In July, the HALO Trust dispatched their first all-female team of de-miners to the Nagorno-Karabagh Republic (NKR/Artsakh).
“Having successfully deployed female de-miners in many countries, we felt that the time was right to try this in Nagorno-Karabagh,” Yuri Shahramanyan, the manager of HALO’s mine clearance program in the NKR, said to the Armenian Weekly. “Society in Nagorno-Karabagh is conservative and the clearance of mines is laborious work that is perceived as being dangerous; it is thus generally considered to be work suitable for men.”
According to HALO, “Nagorno-Karabakh has one of the world’s highest per capita rates of accidents caused by mines, cluster munitions, and other explosive remnants of war (ERW).”
HALO Nagorno Karabagh (NK) currently employs 129 national staff, 11 of whom are women. Since 2000, HALO NK has cleared 417 minefields and 480 sites contaminated with cluster munitions. From 1992-94, mine-laying took place in Nagorno-Karabagh by both Azerbaijani and Armenian forces, resulting in the presence of thousands of mines. HALO is currently the only organization working to clear mines and dispose of unexploded ordnance (UXO)—explosive weapons that did not explode upon employment but that still pose a risk of detonation.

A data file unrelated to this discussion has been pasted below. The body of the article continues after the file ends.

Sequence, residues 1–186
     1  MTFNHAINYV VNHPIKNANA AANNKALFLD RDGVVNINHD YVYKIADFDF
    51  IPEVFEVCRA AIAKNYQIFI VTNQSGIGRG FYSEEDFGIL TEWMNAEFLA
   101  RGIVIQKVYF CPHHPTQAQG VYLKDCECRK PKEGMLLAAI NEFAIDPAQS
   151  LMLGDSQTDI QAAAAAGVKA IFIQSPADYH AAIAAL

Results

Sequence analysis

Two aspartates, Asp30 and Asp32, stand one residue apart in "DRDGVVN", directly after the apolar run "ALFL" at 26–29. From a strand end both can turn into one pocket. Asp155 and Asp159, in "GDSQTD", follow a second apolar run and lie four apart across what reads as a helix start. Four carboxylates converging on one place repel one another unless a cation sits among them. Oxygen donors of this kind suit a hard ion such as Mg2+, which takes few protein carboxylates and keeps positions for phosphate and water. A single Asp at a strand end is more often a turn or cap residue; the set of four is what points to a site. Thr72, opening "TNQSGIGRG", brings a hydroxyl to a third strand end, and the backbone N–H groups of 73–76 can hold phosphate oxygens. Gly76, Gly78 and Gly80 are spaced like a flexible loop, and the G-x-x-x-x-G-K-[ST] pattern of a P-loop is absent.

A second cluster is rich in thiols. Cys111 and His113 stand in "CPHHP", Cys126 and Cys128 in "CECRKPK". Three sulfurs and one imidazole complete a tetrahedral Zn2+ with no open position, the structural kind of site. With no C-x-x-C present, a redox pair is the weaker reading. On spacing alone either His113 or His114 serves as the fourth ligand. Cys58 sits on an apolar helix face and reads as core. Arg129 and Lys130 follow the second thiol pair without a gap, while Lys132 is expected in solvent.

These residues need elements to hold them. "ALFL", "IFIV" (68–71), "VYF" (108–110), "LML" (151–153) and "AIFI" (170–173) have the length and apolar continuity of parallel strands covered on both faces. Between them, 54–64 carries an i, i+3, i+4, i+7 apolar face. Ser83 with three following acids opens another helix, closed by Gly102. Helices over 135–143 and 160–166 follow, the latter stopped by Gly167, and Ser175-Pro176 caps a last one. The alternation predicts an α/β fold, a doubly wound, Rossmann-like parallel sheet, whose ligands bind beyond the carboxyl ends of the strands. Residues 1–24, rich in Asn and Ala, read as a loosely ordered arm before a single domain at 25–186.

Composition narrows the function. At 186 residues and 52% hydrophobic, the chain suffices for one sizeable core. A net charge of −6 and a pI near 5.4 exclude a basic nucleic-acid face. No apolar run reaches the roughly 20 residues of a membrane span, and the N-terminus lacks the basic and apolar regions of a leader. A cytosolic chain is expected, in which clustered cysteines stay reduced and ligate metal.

In addition to helping clear minefields, HALO educates communities on the dangers of trespassing into minefields, and works with the NK Rescue Service by coordinating its clearance and Explosive Ordnance Disposal activities across the Nagorno-Karabagh Republic.
With the current level of funding, minefields in Nagorno Karabagh may be cleared within two to three years. However, funding is low for this operation and the funds that are raised often have territorial restrictions placed upon them, which Shahramanyan says “are linked to NK’s unrecognized status and its currently controlled territories.”
Funds provided by government donors are only able to be used within the boundaries of Nagorno-Karabagh. “Future progress is very much dependent on funding,” he says. “The more resources are available, the sooner all remaining minefields and cluster munitions sites will be cleared, preventing numerous mine and UXO accidents that are waiting to happen.”
According to Shahramanyan, the all-female de-mining team is now clearing minefields surrounding their own villages in the Kashatagh region. It is common for HALO to recruit from the local communities and families affected by the mines. The recruits help conduct minefield surveys and support organizing Mine Risk Education sessions in their communities, Shahramanyan explains. However, HALO does not always seek to specifically recruit women for their teams. In the future, HALO will state clearly their desire for both men and women. If this measure fails to produce female applicants, Shahramanyan says, they “will consider further targeted recruitment.”